—Renáta Uitz, Central European University
[Editor’s note: This is one of our biweekly I-CONnect columns. Columns, while scholarly in accordance with the tone of the blog and about the same length as a normal blog post, are a bit more “op-ed” in nature than standard posts. For more information about our four columnists for 2018, see here.]
It is old news that Europe’s multi-layered constitutional governance regime has long had a strained relationship with constitutionalism. The EU’s half-hearted response to illiberal constitutional transformations in Hungary and Poland that violate the founding values of the Union is a more recent sign of serious trouble, as it signals to willing national political actors that previously unthinkable departures from the rule of law have become acceptable means of European governance. The sheer technicality of legal responses (including in the judgments of the Court of Justice of the European Union (CJEU)) exacerbates this sense of demise. Ironically, in this era the negotiated departure of the United Kingdom from the Union is proof that European bureaucracy functions fine.
It is against this background that in March 2018 the Irish High Court presented the CJEU with an unexpected opportunity to bridge the gap between founding principles and technical rules on account of handling an extradition request under a European Arrest Warrant (EAW). The CJEU’s pending response to the Irish judge may well turn into an accidental constitutional moment for Europe in the shadow of Brexit and the rise of illiberal political rulers.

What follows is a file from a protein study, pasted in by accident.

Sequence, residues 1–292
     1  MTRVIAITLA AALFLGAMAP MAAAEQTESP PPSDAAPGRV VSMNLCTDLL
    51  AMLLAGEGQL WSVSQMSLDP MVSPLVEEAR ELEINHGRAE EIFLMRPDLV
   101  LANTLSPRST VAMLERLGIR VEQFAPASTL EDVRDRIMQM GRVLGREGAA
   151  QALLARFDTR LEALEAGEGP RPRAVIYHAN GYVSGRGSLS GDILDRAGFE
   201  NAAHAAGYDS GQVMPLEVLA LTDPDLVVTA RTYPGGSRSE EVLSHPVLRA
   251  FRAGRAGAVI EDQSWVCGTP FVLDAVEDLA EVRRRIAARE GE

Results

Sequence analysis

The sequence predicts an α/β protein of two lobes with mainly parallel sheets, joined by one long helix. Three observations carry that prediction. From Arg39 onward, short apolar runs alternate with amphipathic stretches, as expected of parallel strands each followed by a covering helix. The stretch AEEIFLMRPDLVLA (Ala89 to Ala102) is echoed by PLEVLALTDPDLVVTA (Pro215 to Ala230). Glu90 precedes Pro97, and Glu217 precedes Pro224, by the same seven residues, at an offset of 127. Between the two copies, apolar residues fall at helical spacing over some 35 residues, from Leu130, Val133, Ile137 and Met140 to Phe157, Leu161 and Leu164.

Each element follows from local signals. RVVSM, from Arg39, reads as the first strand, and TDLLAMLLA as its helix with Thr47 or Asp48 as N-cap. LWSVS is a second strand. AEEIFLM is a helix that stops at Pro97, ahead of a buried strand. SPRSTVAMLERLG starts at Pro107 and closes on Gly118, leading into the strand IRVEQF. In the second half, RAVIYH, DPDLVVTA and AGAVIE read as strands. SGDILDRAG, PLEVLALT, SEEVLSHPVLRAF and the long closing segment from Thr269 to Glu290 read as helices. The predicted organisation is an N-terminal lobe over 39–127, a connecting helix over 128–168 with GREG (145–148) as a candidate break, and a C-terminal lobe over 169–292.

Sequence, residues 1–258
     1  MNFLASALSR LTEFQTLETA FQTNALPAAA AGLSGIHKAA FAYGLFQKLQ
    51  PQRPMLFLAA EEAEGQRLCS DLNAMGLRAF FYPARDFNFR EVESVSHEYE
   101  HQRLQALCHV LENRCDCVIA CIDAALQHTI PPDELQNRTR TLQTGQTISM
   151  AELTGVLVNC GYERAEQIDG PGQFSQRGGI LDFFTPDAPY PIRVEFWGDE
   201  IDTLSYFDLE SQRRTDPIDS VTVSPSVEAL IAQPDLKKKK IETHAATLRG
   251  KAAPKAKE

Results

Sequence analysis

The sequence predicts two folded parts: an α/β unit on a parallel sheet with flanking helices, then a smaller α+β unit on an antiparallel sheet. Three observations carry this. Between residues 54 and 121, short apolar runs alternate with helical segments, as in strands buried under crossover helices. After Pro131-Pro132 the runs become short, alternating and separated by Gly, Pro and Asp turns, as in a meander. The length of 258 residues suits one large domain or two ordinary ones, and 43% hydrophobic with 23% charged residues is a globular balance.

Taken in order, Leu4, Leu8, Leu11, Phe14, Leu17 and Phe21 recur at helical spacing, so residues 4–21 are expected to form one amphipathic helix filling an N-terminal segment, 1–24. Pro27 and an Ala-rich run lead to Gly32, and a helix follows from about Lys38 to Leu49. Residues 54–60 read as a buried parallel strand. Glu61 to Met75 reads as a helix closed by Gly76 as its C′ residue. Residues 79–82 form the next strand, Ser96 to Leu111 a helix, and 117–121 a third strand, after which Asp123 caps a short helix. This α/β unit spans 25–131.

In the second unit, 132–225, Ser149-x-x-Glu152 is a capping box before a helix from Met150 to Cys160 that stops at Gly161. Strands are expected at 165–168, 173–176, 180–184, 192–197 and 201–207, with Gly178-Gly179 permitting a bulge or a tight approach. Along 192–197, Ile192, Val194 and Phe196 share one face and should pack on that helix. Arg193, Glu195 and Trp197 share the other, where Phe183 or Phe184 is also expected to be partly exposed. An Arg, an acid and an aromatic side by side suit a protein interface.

The EAW is a tool of judicial cooperation, a judicial surrender procedure, to assist prosecution and detention of a particular person across member states for certain crimes. National Courts may refuse to execute an EAW on narrow grounds. Most recently the EAW made headlines when the Spanish judiciary used it to request the extradition of Catalan leaders residing in exile in several European countries. Spectacular mistakes in confused identities, delays in a foreign country’s justice system and detention conditions make the EAW into a handy illustration of what is wrong with EU member ship, and as such the EAW is a low-hanging fruit for Europhobes. As such, it is an unlikely vehicle of European integration par excellence.